“Resolution” has several meanings. The commonly held definition, particularly at the turn of each New Year, is the idea of committing to doing something differently, to improve oneself. Yet people often forget the other definition that needs to accompany this kind of resolution: the resolution denoting a strong will, the idea of perseverance and tenacity. Therefore we need to have two kinds of resolution. Aligning one kind of resolution (what we wish to be and do) with the other resolution (the necessary persistence) requires character. In the meantime, we have our eye on the long-term goal: not to merely benefit ourselves, but to be of service to all beings.
This is not a new idea. In Mahayana Buddhism, the Six Perfections (paramita) of generosity (dana), morality (sila), tolerance (ksanti), energy (virya), meditation (dhyana), and wisdom (prajna) are qualities that, if taken seriously, shape a person into effectively a theological force of nature—a spiritual and ethical force that can fulfill their resolutions with resolution.
In his book, The Six Perfections: Buddhism and the Cultivation of Character, Dale S. Wright observed: “Character is a disposition to engage in the world in view of a chosen end, a tendency to impress a ‘thought of enlightenment’ upon all acts and choices. When you act in view of your own vision of the good, your acts will be shaped by that vision, and through that shaping, your character will gradually be formed.” (Wright 2009, 8) However, the formation of character only has self-development as one initial step. As Wright notes: “From a Buddhist point of view, we are always in the process of shaping ourselves to be more attentive to the needs of everyone, even when, at an advanced point of development, we no longer think of it primarily as a process of shaping ourselves. There is no end to the need to open ourselves to the world.” (Wright 2009, 12)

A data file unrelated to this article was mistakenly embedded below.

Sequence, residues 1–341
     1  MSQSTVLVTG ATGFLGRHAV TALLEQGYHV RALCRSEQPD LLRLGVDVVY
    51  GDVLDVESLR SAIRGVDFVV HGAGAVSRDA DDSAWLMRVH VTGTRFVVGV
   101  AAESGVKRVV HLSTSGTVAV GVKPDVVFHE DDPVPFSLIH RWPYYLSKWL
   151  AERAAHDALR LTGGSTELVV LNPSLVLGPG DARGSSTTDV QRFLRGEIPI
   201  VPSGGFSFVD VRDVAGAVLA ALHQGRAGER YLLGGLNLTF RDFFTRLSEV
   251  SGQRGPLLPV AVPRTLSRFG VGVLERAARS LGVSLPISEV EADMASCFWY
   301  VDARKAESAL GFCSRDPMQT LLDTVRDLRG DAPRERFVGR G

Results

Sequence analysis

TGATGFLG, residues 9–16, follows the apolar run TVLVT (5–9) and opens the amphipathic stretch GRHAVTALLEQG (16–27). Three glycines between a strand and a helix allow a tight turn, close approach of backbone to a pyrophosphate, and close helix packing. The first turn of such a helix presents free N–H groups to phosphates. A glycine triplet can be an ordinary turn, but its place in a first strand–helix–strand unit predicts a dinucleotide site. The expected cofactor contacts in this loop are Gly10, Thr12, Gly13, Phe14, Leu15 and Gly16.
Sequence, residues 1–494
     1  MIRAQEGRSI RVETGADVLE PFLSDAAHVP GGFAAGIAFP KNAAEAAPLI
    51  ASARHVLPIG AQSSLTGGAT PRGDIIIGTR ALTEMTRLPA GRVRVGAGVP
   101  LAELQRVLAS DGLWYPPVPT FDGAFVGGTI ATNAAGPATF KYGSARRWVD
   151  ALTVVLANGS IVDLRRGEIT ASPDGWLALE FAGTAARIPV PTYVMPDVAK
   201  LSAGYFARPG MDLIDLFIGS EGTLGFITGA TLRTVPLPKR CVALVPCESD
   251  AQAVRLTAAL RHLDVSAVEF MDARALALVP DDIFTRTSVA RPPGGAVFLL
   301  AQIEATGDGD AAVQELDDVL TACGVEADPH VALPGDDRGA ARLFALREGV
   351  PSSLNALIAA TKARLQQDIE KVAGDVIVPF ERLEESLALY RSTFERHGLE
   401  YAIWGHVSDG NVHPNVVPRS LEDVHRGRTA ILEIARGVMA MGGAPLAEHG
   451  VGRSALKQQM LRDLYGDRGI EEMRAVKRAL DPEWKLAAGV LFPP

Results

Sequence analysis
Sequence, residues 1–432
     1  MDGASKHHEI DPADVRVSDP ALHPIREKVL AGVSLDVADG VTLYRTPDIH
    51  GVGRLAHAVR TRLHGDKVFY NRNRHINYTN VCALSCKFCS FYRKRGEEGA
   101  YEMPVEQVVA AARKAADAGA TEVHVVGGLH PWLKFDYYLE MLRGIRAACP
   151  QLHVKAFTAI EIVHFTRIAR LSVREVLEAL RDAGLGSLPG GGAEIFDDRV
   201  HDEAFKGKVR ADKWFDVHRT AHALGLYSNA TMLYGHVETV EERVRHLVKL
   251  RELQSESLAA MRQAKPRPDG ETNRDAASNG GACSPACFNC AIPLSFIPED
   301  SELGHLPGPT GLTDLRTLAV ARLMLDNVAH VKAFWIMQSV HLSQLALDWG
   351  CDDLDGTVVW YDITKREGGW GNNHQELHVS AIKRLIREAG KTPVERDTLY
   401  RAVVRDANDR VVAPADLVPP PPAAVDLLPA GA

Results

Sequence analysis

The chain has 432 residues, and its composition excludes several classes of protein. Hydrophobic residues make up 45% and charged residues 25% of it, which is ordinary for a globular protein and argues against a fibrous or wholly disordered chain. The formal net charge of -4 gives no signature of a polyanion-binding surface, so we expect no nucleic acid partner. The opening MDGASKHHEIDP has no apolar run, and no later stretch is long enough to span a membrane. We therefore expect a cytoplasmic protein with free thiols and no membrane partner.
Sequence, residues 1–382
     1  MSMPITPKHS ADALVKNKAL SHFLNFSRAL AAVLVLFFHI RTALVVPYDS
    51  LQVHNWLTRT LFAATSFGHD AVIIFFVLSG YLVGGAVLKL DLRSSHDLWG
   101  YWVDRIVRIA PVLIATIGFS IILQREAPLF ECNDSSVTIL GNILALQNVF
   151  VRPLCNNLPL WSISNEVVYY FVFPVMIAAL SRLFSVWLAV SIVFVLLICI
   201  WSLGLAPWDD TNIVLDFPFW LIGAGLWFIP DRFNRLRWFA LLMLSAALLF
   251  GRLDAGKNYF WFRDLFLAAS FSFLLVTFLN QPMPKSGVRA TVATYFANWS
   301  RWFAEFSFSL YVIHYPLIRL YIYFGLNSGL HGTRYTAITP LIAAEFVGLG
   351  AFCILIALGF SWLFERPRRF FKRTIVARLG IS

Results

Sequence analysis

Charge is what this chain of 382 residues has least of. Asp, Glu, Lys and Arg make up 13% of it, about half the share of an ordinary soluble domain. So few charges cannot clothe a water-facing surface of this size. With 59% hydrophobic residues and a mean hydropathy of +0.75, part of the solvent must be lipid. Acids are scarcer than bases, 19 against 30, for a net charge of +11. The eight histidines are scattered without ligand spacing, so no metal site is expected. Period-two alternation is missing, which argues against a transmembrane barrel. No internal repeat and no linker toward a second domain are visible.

Wright’s handling of the Six Perfections is admirable and comprehensive, but what about “the need to open ourselves to the world?” At heart this is about the need for a mindful encounter with the world and other subjective agents. An encounter is, at its deepest level, fundamentally character-building because it is an encounter of different agencies—whether it is an encounter between different cultures and nations, between humanity and the divine, or between people of two different faith traditions. The “encounter” is a theological activity, a meeting of subjects that demands an articulation of meaning. I am not qualified to teach formal theology and I am not trained in any form of pastoral care. Nevertheless, due to my reading Buddhist Studies and Christian theology (and their intersection via interfaith studies or Buddhist-Christian dialogue) in my university years, I like to think of my character as one that approaches life and sees the world in a vitally theological, pastoral way.
Despite my constant failures and mishaps since beginningless time, and taking into account all the mistakes I’ll inevitably commit and shortcomings I’ll have to correct in the future, I resolve to reaffirm this commitment to building my character in this way, in alignment with the Mahayana vision and the theological-pastoral approach. I deeply hope that we can all resolve to nurture our characters this year, and live more happily and meaningfully as a result.
Dale S. Wright. 2009. The Six Perfections: Buddhism and the Cultivation of Character. New York: Oxford University Press.